What have you done to combat clutter from taking over your home?  Changed routines?   Are you a pro?  Still working on it?  I’d love to hear what you’re doing!

Rotating Toy System

My alternate title for this post was “Preventing the ‘I’m tired of all my toys’ problem”.  Not a great title, but accurate, and descriptive, nonetheless.  Those of you with toddlers know the feeling I’m sure: it doesn’t matter how many wonderful, educational, brightly colored, amazing toys with bells and whistles you get; after a few minutes, all your kid’s toys are boring to them and they are fascinated with trying to get into the knives in the kitchen.  Or rifling through your personal hygiene drawer >ahem<.  Or worse, playing in the garbage or toilet.  Anything off limits is nearly impossible to deter them from, because their toys hold no interest for them any longer.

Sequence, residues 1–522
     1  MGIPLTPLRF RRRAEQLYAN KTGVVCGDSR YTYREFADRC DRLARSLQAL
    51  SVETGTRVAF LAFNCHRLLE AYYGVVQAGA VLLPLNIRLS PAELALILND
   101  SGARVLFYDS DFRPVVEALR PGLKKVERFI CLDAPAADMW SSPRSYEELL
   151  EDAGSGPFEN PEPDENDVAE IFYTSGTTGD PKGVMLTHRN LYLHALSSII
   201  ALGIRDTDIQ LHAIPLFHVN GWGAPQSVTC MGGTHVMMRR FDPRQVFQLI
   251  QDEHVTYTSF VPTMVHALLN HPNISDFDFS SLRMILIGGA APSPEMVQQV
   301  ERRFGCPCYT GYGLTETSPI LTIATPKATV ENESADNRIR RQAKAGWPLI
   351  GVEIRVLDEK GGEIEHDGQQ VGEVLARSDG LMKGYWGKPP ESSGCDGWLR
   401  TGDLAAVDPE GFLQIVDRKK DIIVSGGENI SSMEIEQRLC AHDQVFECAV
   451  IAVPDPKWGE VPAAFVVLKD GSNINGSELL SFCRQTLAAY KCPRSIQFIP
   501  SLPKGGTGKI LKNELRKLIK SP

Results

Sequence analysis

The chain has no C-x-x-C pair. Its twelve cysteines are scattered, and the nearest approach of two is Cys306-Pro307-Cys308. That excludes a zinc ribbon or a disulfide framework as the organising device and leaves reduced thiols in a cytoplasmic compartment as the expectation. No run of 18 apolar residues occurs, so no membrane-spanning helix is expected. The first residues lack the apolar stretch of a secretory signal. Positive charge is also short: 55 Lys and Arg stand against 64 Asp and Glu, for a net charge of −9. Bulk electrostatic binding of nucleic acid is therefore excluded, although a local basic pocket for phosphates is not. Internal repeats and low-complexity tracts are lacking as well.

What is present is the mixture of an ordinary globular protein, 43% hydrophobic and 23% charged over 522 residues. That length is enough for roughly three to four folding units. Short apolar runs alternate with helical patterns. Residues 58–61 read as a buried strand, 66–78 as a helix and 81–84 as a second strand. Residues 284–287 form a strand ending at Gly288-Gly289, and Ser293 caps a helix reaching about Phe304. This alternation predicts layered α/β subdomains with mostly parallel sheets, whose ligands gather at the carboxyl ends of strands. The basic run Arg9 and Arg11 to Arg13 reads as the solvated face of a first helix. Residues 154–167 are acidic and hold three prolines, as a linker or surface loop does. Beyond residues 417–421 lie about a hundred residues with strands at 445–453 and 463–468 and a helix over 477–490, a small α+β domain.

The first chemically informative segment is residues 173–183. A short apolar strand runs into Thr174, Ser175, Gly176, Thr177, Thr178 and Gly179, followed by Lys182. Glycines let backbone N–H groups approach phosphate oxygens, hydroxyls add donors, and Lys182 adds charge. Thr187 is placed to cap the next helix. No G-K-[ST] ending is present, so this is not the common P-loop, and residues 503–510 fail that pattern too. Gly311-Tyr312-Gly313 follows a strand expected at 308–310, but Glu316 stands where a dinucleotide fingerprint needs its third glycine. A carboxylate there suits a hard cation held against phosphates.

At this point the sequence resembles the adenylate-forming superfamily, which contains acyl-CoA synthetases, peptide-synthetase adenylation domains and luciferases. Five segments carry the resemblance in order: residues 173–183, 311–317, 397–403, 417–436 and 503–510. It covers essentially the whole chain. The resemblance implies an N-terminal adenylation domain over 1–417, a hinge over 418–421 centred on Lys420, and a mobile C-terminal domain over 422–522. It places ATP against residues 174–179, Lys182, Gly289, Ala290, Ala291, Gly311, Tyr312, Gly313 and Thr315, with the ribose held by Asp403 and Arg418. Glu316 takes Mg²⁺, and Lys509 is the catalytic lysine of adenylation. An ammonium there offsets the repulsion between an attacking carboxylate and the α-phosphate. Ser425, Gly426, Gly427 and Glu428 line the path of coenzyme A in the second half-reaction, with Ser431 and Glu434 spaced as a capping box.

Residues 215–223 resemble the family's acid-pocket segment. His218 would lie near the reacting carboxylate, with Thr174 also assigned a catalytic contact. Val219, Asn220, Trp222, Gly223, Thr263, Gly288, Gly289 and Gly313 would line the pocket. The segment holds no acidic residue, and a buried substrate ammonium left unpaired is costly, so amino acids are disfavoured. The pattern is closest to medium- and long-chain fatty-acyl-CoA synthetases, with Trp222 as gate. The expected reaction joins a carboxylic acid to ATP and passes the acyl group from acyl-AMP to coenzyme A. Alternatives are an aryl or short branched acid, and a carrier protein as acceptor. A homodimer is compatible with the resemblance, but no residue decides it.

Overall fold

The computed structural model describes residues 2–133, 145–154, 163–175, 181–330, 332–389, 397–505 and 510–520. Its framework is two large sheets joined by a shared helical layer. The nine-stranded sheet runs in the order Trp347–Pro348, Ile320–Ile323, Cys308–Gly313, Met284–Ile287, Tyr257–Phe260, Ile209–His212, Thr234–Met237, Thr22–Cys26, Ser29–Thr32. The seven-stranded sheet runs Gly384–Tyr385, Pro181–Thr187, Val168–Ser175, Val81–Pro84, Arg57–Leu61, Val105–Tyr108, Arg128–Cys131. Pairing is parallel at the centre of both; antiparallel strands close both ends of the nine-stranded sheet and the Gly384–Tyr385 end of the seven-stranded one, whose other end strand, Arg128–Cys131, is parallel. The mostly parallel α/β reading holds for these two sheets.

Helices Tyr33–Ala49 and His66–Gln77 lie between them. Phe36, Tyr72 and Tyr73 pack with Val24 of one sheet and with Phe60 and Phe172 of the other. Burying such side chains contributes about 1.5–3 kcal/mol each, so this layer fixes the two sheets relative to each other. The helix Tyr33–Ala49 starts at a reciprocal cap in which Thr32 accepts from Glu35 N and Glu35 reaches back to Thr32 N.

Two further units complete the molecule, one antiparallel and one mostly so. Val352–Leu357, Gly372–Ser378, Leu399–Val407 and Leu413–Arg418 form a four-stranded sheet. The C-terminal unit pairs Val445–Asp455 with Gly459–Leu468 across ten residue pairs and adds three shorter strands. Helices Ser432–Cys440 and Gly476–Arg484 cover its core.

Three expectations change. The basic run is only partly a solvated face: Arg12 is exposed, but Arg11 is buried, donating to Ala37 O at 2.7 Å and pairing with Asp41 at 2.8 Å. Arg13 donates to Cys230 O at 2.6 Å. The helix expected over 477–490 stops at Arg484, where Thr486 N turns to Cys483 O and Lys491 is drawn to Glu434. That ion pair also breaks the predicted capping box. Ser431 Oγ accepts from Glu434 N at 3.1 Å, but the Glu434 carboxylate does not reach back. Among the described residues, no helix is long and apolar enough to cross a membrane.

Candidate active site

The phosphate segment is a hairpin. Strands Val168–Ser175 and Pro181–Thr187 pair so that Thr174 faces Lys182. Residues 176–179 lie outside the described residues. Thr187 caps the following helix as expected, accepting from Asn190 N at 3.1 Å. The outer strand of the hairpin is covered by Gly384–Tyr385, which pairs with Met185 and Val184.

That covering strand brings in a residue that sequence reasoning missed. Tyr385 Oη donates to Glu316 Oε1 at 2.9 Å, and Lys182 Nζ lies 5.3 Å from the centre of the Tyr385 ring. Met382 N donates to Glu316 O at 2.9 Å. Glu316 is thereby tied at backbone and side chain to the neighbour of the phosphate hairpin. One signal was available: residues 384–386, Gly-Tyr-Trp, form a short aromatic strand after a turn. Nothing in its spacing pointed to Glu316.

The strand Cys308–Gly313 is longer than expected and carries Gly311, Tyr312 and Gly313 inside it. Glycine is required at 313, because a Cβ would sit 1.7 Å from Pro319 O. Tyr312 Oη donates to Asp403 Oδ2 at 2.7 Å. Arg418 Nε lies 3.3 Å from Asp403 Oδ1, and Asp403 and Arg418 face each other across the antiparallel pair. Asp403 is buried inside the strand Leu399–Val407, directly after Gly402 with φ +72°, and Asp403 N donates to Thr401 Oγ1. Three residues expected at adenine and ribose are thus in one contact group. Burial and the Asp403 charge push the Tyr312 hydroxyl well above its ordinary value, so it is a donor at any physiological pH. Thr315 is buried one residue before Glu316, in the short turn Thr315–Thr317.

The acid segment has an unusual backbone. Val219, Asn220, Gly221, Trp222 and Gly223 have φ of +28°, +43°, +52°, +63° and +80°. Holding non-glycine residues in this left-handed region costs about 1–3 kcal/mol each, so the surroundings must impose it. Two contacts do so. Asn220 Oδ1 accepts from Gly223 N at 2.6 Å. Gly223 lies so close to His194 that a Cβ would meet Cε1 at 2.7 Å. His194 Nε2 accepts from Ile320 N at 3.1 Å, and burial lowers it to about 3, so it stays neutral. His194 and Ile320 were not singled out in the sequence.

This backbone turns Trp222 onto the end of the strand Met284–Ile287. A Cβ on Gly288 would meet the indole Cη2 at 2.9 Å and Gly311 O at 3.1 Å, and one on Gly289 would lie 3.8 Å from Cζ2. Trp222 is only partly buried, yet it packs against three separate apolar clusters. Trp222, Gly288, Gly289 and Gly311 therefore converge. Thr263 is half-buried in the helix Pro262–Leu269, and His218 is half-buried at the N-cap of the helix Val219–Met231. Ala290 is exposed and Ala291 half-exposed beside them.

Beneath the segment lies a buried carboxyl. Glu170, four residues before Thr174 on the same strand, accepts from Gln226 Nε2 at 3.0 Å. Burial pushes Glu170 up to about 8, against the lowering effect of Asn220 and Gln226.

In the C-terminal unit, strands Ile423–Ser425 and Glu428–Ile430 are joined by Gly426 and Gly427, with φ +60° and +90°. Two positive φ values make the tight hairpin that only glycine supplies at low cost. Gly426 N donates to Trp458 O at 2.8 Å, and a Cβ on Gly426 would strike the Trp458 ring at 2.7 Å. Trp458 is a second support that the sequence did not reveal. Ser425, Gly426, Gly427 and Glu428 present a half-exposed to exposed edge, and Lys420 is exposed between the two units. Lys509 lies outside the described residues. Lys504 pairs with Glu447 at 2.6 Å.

'Playroom' photo (c) 2006, Elizabeth - license: http://creativecommons.org/licenses/by/2.0/

After a fairly difficult day/ days (think along the lines of a cup of water poured on the couch, box of cereal dumped on the floor, re-rolling the toilet paper, pulling my son off of the entertainment center 5 times, fishing a sock out of the toilet, marker all over the walls, and a few tantrums) I decided I needed to change something.  I was tired of trying to coax my son to play with his toys.  I was tired of picking all the toys up off our tiny living room floor several times a day (scattering toys evenly around the whole room was apparently the only interesting thing to do with them, and when the only room available for your kids’ toys is the front room, you may or may not live in constant fear of someone coming to the door and seeing the awful state of your home).  I was tired of feeling like I had nowhere to put our ever- increasing collection of children’s playthings.